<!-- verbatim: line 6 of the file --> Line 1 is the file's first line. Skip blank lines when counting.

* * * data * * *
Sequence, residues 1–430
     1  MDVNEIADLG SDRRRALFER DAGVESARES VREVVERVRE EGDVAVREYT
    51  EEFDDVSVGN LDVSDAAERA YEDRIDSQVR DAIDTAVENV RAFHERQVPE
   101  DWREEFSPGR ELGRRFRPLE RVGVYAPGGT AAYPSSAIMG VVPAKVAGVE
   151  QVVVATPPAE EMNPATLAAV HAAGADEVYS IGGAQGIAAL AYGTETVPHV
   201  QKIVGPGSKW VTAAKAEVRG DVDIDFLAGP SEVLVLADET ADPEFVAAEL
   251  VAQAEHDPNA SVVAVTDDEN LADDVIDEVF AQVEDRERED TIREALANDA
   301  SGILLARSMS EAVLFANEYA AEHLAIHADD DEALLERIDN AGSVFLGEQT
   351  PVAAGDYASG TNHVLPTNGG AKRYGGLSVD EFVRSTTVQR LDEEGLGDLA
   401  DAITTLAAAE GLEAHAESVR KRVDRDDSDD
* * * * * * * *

   201  QKIVGPGSKW VTAAKAEVRG DVDIDFLAGP SEVLVLADET ADPEFVAAEL